A French court has annulled a PUMA health charge demand made by the social security agency URSSAF due to late notification.
We have reported on these pages in the past on legal challenges that have been taking place in connection with PUMa health charge, called the cotisation subsidaire maladie.
The poor construction of the legislation that introduced PUMA in 2016 resulted in a hearing in the Constitutional Council (CC), as a result of which the law was changed, with a new formula introduced for the charge, effective from 2019.
In addition to the hearing in the CC dozens of legal challenges to the health charge imposed in 2016 and 2017 have been made in the lower courts.
In December 2018 a local tribunal annulled the charge imposed on an American national resident in France on the grounds that the decree which set out aspects of the legal framework on which the charge was based was not published until after the demand for payment had been sent out. The court ruled that the charge could not, therefore, be imposed retroactively.
Last month, a local tribunal similarly found in favour of a plaintiff who challenged the imposition of the charge on the basis that URSSAF had send out the demand for the charge later than was specified in law.
In their case the demand for payment of the charge was made in December 2017 (for 2016), when Article R380-4 of the social security code states that it must be sent out by 30 November.
The relevant clause states: 'La cotisation mentionnée à l'article L. 380-2 est appelée au plus tard le dernier jour ouvré du mois de novembre de l'année suivant celle au titre de laquelle elle est due. Elle est exigible dans les trente jours suivant la date à laquelle elle est appelée.'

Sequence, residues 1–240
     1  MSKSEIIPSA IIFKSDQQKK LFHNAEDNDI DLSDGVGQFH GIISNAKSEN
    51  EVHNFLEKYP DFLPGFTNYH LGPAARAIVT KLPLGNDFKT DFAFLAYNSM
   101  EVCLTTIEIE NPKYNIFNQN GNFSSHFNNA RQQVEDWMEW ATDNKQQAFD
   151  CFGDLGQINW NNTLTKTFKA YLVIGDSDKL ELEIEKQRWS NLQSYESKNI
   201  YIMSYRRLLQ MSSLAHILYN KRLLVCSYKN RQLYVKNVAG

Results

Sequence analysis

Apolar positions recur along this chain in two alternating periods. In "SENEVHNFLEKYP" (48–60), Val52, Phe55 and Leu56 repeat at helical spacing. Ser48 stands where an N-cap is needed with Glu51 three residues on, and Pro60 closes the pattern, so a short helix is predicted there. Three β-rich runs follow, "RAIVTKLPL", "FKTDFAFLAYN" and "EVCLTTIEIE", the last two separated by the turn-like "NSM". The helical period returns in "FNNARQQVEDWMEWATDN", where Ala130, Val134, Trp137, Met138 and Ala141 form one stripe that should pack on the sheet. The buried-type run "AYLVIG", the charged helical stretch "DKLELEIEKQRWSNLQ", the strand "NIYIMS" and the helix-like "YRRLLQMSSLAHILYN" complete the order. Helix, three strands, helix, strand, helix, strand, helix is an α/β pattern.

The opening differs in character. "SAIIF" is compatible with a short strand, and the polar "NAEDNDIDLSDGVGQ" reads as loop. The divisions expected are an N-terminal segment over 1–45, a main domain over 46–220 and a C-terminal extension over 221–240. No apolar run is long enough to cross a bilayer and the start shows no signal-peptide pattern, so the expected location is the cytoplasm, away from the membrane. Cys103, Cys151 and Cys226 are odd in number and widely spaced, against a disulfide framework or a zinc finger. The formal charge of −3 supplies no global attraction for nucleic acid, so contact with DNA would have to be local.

In court, URSSAF did not contest that the demand for payment was sent out late, but argued that under the social security code they were were entitled to three years to collect social security contributions. However, the court considered that there was a difference between the foreclosure period for recovery action of unpaid contributions and the date set for notification of the charge.
It is to be anticipated that URSSAF will appeal the decision, and we will follow up with the result of that appeal in due course.
In the meantime, dozens of legal actions are also taking place in relation to the 2017 demand for payment, many of which were also sent out in December 2018, after the 30 Nov cut-off date by which households should have been notified.
Other cases are being contested on the grounds that URSSAF used the formula for determination of the charge that was subsequently changed by the government and the subject of criticism by the CC.
There also remains controversy about the liability of those with private health care to the charge, with cases pending in the courts.